Rebecca was shocked when her husband of 20 years told her one day that he no longer wanted to be married.
Suddenly single at the age of 47 and having not been out on a date since the first Reagan administration, Rebecca says it took her 18 months to finally get back into the dating pool.
Rebecca, who asked not to use her last name, said she had some bad dates with colleagues and was set up a few times by friends. Frustrated, like millions of other baby boomers her age, she finally went online and found a whole new world. She now has been on so many dates that she has chronicled her adventures on her blog, DatingGoddess.com.
On her blog, Rebecca keeps both her name and the names of her dates anonymous. She started by giving each man a name based on a flavor of ice cream.
"I had been at Baskin Robbins for 20 years, and I had had vanilla, and I loved vanilla, and there was nothing against vanilla, but it was time to taste some new flavors," said Rebecca. "And I went about discovering different types of men and went out on at least coffee dates with them, and I would give them Baskin Robbins flavor names to describe their personalities."
She has now met so many men and been on so many dates online that she ran out of 31 flavors a long time ago. She counts 91 dates with different men since her divorce.
"The Internet really makes it easy, which is a pro and con," said Rebecca. "The pro is, yes, you get a lot of variety of people and you can sort the ones that have the criteria you are looking for. The bad news is that people put themselves in the dating pool who would never be dating otherwise."
Online Opportunity -- And Problems
Dozens of Web sites cater to singles older than 40, such as MatureSinglesOnly.com, BabyBoomerPeopleMeet.com, SilverSingles.com and PrimeSingles.net.
But baby boomers entering online dating worlds need to be very careful, some experts say.
"Anybody can pose as anybody online," said Stephany Alexander, author of the book "Sex, Lies and the Internet" and founder of WomanSavers.com, a Web site where women rate their dates and warn others about abusers. "You can make up fictitious stories about yourself. You could pretend to be a doctor and create a fake e-mail address And then you can lure people in, not only to con them out of money. You could be a pedophile that approaches single mothers for access to her children. The list goes on and on."
Despite the dangers, more and more single baby boomers are discovering online dating. According to a study by the Online Publishers Association, baby boomers are the fastest-growing segment of online daters. The convenience seems to be the biggest reason.
"The Internet is one of the most popular ways to meet people at this point because it allows you to reach a broader range of people than you would otherwise," said Alexander.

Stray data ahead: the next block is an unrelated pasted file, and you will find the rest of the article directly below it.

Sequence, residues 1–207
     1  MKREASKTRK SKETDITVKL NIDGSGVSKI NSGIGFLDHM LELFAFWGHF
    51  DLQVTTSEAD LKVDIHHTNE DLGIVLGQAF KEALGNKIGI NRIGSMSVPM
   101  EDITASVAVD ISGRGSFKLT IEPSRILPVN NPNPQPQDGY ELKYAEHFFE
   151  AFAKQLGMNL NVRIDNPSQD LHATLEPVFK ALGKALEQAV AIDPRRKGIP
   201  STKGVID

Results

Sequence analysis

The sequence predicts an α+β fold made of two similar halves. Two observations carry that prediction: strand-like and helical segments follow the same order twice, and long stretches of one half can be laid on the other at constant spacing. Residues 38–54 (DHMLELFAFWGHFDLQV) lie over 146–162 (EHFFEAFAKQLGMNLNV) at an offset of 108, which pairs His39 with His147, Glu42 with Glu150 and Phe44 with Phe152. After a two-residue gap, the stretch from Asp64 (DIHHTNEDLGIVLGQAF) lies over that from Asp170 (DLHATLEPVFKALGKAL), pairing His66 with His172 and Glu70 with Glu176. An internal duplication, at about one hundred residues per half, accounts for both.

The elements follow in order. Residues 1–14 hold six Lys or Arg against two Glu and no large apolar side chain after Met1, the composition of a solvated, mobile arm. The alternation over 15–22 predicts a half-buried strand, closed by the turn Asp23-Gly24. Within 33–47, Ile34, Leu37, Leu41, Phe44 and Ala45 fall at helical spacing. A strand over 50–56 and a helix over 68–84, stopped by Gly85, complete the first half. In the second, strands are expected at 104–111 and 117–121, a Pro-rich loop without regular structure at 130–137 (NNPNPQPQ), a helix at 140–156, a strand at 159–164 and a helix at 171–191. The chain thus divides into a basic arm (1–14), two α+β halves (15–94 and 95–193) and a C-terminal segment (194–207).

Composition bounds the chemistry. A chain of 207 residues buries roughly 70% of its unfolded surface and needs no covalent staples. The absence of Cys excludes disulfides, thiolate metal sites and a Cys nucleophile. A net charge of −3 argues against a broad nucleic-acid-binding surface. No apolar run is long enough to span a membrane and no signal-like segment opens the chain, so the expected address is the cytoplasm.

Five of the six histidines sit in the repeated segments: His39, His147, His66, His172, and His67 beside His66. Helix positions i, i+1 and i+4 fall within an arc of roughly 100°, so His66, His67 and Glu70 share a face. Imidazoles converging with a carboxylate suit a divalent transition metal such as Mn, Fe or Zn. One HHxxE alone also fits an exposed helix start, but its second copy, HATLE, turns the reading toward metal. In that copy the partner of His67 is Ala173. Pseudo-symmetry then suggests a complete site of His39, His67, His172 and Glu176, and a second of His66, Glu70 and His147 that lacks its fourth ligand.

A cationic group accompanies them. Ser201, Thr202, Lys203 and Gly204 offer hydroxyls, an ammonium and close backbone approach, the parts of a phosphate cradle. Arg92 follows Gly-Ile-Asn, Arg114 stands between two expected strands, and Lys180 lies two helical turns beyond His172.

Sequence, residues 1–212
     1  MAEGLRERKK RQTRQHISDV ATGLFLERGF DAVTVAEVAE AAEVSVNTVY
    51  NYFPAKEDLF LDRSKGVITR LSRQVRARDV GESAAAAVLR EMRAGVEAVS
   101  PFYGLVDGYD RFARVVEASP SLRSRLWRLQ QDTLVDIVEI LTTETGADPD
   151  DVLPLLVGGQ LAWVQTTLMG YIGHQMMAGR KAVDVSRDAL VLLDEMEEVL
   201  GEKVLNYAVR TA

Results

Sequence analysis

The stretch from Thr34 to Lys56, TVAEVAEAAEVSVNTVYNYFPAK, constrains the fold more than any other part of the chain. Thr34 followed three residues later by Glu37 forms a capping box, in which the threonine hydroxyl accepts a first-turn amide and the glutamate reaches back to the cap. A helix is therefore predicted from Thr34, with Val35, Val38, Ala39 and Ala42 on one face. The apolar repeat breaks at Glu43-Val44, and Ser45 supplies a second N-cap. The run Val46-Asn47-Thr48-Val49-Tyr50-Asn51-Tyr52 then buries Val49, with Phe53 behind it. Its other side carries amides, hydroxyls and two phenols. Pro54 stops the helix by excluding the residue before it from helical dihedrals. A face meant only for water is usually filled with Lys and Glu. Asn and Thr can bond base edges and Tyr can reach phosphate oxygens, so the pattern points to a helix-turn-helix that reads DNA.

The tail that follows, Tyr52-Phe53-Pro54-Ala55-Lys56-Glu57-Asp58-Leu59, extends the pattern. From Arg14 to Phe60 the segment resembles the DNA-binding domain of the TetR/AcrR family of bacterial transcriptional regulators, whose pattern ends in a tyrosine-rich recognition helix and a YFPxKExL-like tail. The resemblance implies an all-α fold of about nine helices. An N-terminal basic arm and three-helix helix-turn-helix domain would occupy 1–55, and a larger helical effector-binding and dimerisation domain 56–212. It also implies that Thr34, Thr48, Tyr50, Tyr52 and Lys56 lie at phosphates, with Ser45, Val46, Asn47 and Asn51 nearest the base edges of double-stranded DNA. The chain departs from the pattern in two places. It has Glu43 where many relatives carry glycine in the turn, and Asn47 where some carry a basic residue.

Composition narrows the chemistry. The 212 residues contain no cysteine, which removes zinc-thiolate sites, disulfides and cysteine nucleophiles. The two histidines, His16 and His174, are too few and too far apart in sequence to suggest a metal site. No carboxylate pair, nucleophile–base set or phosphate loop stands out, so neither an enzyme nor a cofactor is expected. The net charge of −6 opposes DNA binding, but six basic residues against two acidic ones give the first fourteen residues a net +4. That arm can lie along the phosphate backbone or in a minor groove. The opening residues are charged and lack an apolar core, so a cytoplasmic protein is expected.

Rebecca said that she did not feel it was appropriate for her to date business associates and clients that she met on her job, so the Internet became the best way for her to get into the game.
"I've dipped my little Baskin Robbins spoon into many different flavors on at least a coffee date and learned a lot in the process," said Rebecca. "And I've gotten to experience a whole lot of people that I never would have gotten to experience just coming across in my daily life."
From all of her dates, Rebecca recommended properly screening and vetting dates before meeting them in person or going on a dinner date.
"This gentleman is flirting with me (online) right now and he wants to take me out this weekend, and I said, 'Let's have a phone conversation first.' Because I've learned that people can be just charming in e-mails or short written things, but they are full of expletives or can't put together a full sentence in person," she said.
Protecting your identity at first is also important.
"Obviously, you don't give out any personal information about yourself, such as your real first and last name. You don't give out any information about your children, if you have children," said Alexander. "You don't post your address or your telephone number or an e-mail address that you can't easily get rid of."
Once properly vetted, Rebecca recommends going slow on a series of dates.
"I'm not willing to have a coffee date with someone until we've had at least one or two phone conversations … And I'm not willing to go on a dinner date and essentially give up a whole evening until I've had at least a coffee date," said Rebecca. "And some people you can know within the first 10 minutes that you're not a match. I almost never, with a rare exception, will accept a dinner as a first date. Even a lunch is a little iffy."